The purpose of that example is two-fold. What those in the business often think of as being valuable to the customer doesn’t matter nearly as much to the customer as it does to them. This means that what you think is valuable about your cluster doesn’t matter to your prospects, and what your prospects think is valuable to their customers is most likely not.

If you are prospecting attorneys, I’d take a week and focus on different segments each day for a week: divorce, personal injury, malpractice, wills/estates, and criminal. Then, the week before, look at marketing trends in these fields. I did some research on divorce law, and I might use this VBR (Valid Business Reason) for some of the attorneys I contact:

According to iLawyerMarketing.com, Despite the rise in mobile phone usage, a new iLawyerMarketing study shows that the majority of attorney research is done on desktops.  And several studies show that using on-air and digital marketing simultaneously increases the efficacy of both…

Yes, your prospect will likely already know these; however, that statement has nothing to do with KRAP, its listeners, or any digital platforms.  It was all about their industry.  If you use that – or some variation thereof – to 25 divorce attorneys, you might get two or three CNA appointments.  I’d call that a good day.  And when you lead with that, do you know what you also show?

You Know What You’re Talking About

Researching your prospect’s industry is one way you know your industry.  I’ve had several decision-makers I spoke with who told me they were familiar with whatever data point I shared, and they added a few more that I hadn’t considered, and it started a conversation.

Another way to show you know what you’re talking about: never mention anything about your station(s) until your second or third meeting with the decision maker. I’ve had several who asked me about my stations in the CNA, and each time I replied to the effect of: “My stations don’t matter. I know when you called, you said you liked KRAP, but just because you like the music we play doesn’t mean that station is the right one for you.”

“Once I have more information, I might learn that KLMN is the better fit even though it has fewer listeners. None of my stations matter if we are not a good fit for your company. To determine that, I need to ask you a few more questions.”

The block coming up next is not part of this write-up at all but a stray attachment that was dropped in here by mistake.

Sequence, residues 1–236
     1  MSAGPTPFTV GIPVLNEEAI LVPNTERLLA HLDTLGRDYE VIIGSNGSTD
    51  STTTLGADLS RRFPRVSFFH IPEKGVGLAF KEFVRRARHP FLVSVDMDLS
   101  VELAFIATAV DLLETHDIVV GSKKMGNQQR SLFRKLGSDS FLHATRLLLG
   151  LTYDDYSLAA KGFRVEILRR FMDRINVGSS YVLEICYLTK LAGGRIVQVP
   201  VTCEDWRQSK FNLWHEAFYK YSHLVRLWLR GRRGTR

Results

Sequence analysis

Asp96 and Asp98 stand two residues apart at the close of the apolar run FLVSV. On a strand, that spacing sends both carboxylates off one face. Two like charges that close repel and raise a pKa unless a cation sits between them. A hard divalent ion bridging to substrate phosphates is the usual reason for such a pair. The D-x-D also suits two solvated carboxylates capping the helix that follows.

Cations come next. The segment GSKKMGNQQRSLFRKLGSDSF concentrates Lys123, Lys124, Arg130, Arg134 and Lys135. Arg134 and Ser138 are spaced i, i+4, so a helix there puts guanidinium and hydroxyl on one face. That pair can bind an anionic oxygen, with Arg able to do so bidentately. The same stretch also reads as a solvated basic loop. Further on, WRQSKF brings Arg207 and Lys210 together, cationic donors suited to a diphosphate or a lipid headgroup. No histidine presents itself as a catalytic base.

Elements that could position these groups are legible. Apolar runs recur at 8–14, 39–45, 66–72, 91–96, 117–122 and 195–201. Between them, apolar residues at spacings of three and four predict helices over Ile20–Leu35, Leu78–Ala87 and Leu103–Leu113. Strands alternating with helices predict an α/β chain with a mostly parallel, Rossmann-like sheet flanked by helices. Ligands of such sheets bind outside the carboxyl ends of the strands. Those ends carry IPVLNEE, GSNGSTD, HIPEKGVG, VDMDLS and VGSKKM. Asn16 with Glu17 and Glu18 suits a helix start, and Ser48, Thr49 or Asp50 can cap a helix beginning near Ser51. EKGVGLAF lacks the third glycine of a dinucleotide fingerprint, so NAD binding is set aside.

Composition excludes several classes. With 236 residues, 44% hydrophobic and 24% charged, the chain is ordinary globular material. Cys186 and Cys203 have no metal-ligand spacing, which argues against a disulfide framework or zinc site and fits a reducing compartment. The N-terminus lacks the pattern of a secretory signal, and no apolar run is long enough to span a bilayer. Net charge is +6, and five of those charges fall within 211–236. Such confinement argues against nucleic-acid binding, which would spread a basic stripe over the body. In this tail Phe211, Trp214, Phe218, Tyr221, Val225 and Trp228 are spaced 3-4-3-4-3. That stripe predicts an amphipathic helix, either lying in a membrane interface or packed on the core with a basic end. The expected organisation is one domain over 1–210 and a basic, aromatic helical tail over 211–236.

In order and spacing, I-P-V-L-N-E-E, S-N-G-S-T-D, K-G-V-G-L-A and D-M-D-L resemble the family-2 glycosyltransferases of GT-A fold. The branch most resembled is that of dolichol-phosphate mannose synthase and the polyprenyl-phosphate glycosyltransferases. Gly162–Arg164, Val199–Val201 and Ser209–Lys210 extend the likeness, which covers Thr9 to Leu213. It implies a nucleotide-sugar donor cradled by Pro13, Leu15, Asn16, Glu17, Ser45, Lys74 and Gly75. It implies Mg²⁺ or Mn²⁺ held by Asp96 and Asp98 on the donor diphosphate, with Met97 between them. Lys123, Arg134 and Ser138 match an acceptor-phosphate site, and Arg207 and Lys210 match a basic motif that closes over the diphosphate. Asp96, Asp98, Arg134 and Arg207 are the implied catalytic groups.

Don’t take the bait. As much as you want to talk about ABC promotion, don’t. Because then, you’re no different than Bob, Carol, Ted, or Alice.

If you have any fear or apprehension of calling that prospect, or setting that meeting, or just having a conversation with someone, realize that the feeling in your gut, and the scenarios playing over in your mind are much worse than what will occur.

The only apprehension you should feel is being like everyone else who’s tried to sign that prospect and failed.

Bottom Line: If you want to be different, show your prospects how different you can be. 

James Bahm has more than 30 years of experience in broadcasting, sales and marketing, and recruiting and hiring. He is the author of Don’t Yuck My Yum – a Professional Development and Sales & Marketing book.  Reach him via email. Read James’ Radio Ink archives here.


  1. A Grizzly Adams-type media buyer here: the 6% of my sales reps (seriously, 3 out of 50 I work regularly with) who know what they’re talking about — both my clients’ business, and their own media outlet — garner about 90% of my attention. It doesn’t take a lot of time nor effort to properly pitch…I know because I also spent 6 years in sales.

    Excellent column!